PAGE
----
Feb 3, 2009 | 3
The exoplanet express just keeps on rolling: The European Space Agency (ESA) today announced the discovery of the smallest known planet orbiting a normal star other than the sun. The newly discovered extrasolar planet, or exoplanet, which appears to be terrestrial (that is, not a gas giant like Jupiter), has a radius less than twice that of Earth.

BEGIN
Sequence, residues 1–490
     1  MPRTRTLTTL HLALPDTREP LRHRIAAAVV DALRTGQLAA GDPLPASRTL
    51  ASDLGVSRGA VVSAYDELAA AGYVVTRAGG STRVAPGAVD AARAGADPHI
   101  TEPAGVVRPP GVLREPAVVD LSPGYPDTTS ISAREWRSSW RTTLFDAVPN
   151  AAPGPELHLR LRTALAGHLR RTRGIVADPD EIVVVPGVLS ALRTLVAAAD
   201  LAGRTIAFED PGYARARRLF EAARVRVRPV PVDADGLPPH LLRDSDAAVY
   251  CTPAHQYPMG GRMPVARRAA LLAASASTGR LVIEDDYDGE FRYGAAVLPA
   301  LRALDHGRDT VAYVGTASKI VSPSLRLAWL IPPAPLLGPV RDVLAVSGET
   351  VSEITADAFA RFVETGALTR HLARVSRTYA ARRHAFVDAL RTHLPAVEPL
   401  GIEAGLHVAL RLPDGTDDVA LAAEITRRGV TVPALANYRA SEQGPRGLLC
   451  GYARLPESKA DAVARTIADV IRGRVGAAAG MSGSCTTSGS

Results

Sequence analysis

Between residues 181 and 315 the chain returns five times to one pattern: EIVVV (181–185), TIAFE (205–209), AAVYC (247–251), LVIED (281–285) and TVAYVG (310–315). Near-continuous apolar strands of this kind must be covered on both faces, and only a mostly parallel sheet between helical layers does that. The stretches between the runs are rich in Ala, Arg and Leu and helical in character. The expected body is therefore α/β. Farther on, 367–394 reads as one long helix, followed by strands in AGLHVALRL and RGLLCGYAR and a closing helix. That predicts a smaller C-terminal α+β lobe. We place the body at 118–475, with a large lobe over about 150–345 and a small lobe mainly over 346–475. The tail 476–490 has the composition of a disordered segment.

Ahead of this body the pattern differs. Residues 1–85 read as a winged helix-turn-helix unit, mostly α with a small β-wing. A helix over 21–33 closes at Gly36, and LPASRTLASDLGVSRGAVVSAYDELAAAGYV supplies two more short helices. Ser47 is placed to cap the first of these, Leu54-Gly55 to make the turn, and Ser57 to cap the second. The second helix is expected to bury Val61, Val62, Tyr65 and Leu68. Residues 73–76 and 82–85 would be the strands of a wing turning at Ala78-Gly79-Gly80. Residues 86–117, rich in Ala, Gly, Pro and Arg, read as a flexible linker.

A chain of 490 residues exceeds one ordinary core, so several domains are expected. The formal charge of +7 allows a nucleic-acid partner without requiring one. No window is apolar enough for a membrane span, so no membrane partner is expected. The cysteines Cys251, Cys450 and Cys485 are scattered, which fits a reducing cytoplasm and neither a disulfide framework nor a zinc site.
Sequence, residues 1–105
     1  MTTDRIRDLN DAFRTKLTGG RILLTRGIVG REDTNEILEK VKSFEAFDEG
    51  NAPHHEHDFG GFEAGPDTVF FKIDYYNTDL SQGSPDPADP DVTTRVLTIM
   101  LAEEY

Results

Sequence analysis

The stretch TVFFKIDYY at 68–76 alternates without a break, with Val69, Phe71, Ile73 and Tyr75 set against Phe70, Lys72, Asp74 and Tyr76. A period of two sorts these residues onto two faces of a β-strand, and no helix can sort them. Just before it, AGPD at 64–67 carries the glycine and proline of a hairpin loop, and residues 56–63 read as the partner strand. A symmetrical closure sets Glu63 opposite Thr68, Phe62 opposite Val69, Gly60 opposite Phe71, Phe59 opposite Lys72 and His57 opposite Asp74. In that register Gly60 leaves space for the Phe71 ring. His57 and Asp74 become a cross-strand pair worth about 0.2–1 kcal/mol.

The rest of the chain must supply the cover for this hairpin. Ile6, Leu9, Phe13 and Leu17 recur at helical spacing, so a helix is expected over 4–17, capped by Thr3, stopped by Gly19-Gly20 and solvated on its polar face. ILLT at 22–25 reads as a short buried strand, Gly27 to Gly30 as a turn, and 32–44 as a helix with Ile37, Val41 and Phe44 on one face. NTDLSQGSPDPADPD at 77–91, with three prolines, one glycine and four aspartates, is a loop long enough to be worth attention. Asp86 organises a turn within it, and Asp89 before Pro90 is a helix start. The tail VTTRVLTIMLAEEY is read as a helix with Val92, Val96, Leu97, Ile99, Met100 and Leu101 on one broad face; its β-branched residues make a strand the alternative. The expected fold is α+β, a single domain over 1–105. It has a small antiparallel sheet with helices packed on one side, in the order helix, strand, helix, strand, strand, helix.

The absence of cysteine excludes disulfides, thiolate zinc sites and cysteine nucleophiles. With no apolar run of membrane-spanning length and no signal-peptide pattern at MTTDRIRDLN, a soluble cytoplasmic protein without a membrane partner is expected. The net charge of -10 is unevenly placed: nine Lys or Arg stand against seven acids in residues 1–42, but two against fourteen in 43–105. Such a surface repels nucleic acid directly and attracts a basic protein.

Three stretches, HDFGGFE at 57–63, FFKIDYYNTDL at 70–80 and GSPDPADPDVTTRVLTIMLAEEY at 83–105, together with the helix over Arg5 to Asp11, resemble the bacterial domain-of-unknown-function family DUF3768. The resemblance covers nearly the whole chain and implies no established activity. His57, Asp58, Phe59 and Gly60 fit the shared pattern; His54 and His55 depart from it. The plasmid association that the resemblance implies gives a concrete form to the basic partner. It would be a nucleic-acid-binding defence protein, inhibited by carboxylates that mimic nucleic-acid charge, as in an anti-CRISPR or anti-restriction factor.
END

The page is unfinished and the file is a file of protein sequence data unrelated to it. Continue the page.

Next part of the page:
The exoplanet has been dubbed COROT-Exo-7b after the European satellite COROT, which located it. The space telescope revealed the exoplanet by monitoring how the light from its parent star dimmed as the planet transited, or passed in front of the star during orbit (see brightness graph, not to scale, at left). Most of the 300-plus exoplanets so far discovered have been found using this method or by observing the wobbling of stars induced by the gravitational pull of orbiting bodies.
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